We've already been down this road before. The prime minister, with or without a cautionary note from Washington, decides to demonstrate restraint in the event of a terrorist bombing/Qassam, the Israel Defense Forces withdraws its troops from an urban settlement (Bethlehem - remember?) and hands responsibility for the act of terror back to the Palestinian Authority. A week or two later, or a month or two at most, a terrorist/rocket makes it back to Jerusalem/Sderot, and the refrain is sounded once more: "We cannot trust the Palestinians. Who gave them rifles?" The next Qassam rocket that lands in the northern Negev will elicit a new line: "Abu Mazen, Abu Amar [Yasser Arafat] - they are one and the same." The only question is which cabinet minister/member of Knesset will be the first to complain that the PA exploited our naivete, and made its police into the defensive shield of Hamas.
These remarks are not meant to detract from the importance of recent developments in the northern Gaza Strip, or to diminish the joy of the death- and anxiety-stricken residents of Sderot and Beit Hanun. The security coordination and the Palestinian efforts to enforce order in the territories both are excellent news. Specifically for this reason, every effort should be made to ensure that the last of the murderers does not succeed in making this a short-lived news flash.
As part and parcel of the policy of restraint, and before any "gestures" along the lines of prisoner releases are extended, the basic approach to the PA needs to be updated. To remind the reader, the cabinet decision of December 14, 2001, which stated that the PA under Yasser Arafat's leadership is a "terror-supporting authority" remains in force. The PA and Israel - which girded itself in an all-out struggle against any and every terror-supporting group - are, formally speaking, in a state of war.
Perpetuation of the perception of the PA as an enemy entity has a strong effect on IDF commanders and seeps into the consciousness of every soldier. Contemplation of Palestinians through the gun sight affects the distance between finger and trigger. Identification of the civilian population as a single bloc that supports terror (a claim not supported by the polls) has become a self-fulfilling prophecy. This, despite the fact that Israel has no interest in Abu Mazen being portrayed by residents of the territories as a subcontractor of the Shin Bet security service or of the military censor.
It is odd that the vice prime minister - who earned a Nobel Peace Prize thanks to the agreement on mutual recognition between Israel and the PLO - is not demanding that this cabinet resolution, born in the Arafat era, be replaced by a renewal of the formal recognition of the PA as a partner for peace. The dust has to be removed from the Yitzhak Rabin variation on the Ben-Gurion formula dating back to the struggle against the British, according to which, "We must fight terror as if there were no peace process, and continue the peace process as if there were no terror." Rabin was not expressing readiness to conduct negotiations with terrorists. He refused to give the backers of terror the pleasure of sabotaging peace efforts. His formula lost its validity when it turned out that Arafat was turning a blind eye, and even winking on occasion, at the violent elements in his midst.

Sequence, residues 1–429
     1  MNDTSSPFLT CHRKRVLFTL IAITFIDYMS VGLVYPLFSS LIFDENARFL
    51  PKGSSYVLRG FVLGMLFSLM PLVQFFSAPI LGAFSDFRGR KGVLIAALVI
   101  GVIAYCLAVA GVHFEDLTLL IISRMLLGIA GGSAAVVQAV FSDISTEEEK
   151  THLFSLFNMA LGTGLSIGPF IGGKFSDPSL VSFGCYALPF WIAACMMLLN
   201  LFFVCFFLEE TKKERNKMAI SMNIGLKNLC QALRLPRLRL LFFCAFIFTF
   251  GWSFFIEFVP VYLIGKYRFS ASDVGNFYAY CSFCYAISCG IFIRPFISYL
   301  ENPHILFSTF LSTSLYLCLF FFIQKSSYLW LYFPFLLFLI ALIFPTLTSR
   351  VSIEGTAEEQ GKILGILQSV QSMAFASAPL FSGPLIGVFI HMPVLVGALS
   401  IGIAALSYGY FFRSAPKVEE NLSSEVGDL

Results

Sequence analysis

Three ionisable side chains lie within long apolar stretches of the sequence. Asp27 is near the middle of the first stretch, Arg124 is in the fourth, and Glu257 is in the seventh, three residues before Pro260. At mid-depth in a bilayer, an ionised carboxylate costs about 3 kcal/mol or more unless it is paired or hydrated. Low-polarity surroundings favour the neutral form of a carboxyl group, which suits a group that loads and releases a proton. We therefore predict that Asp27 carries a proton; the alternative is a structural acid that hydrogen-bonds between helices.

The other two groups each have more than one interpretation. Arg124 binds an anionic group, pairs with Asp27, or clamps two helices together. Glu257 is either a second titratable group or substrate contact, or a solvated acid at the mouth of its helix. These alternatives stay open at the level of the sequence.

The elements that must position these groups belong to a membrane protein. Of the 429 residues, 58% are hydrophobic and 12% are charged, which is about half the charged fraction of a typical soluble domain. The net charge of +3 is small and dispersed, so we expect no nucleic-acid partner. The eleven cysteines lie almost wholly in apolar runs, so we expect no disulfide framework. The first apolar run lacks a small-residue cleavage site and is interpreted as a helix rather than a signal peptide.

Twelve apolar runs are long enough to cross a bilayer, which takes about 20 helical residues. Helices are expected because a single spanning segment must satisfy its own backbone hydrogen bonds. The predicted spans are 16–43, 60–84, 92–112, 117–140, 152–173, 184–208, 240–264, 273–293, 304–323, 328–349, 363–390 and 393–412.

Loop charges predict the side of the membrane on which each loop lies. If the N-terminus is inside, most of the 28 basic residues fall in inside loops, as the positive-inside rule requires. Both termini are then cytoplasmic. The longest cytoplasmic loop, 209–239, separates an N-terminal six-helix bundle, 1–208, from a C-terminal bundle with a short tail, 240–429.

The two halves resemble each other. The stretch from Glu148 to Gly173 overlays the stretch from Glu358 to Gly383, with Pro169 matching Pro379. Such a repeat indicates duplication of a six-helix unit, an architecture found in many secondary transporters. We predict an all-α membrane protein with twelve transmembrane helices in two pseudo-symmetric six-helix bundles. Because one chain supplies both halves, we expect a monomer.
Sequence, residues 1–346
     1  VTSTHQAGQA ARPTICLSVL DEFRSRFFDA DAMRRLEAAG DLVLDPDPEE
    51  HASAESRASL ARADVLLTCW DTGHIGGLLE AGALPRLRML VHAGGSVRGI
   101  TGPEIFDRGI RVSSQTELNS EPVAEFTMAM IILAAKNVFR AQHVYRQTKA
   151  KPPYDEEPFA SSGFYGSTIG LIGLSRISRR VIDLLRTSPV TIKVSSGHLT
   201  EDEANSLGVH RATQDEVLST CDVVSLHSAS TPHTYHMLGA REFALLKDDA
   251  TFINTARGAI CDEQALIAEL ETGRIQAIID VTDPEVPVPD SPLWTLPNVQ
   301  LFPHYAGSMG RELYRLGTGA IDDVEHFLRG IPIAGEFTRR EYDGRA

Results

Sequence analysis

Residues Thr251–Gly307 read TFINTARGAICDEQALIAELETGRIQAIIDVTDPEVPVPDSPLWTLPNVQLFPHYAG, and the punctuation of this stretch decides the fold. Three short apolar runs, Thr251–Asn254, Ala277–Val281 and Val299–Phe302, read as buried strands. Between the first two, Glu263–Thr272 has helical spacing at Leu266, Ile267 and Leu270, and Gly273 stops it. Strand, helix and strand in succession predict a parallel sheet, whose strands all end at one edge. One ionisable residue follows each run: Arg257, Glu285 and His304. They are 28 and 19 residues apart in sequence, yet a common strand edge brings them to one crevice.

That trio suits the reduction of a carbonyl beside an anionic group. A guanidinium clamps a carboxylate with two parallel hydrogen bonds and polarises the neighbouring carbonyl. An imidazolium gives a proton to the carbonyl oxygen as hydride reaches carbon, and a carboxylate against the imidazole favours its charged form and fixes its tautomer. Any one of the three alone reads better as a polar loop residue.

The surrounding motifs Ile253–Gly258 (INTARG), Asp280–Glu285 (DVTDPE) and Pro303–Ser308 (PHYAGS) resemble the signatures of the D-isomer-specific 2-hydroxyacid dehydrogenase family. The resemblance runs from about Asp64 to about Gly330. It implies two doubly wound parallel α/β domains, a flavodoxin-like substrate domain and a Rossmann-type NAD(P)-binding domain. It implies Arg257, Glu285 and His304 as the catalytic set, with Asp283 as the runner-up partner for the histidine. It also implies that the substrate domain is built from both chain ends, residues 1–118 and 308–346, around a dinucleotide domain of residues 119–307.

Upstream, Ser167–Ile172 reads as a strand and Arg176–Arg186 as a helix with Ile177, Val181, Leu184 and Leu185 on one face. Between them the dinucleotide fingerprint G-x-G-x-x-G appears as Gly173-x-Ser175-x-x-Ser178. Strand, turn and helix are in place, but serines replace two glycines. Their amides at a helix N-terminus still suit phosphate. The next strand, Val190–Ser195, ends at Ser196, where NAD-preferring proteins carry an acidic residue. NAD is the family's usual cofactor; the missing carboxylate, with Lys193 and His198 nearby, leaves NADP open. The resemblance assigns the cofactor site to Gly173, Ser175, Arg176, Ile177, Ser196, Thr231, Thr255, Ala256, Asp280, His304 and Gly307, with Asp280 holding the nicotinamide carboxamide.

Security officials have no proof that Abu Mazen is in this matter following in the footsteps of his predecessor, or that his mouth and heart are not in the same place regarding his efforts to enforce a cease-fire. There is therefore no foreseeable reason for the government not to announce that along with renewal of security coordination, the sides will also renew activity via the diplomatic channel. In addition, in the absence of mutual trust, there is no choice but to have the assistance of a third party for purposes of control, guidance, mediation and providing mechanisms for conflict resolution. Israel cannot be party to the conflict, judge and executor after the next Qassam. Which is why it was stated: "Quartet representatives begin informal monitoring and consult with the parties on establishment of a formal monitoring mechanism and its implementation. ... Implementation of the U.S. plan for rebuilding, training and resumed security cooperation in collaboration with outside oversight board (U.S.-Egypt-Jordan). Quartet support for efforts to achieve a lasting, comprehensive cease-fire ..."
These statements are excerpted from the American road map plan for realizing the two-state vision of President Bush. So long as the last of the terrorists can influence reality in the field more than the most powerful man in the world, this vision will remain nothing but an empty spectacle.
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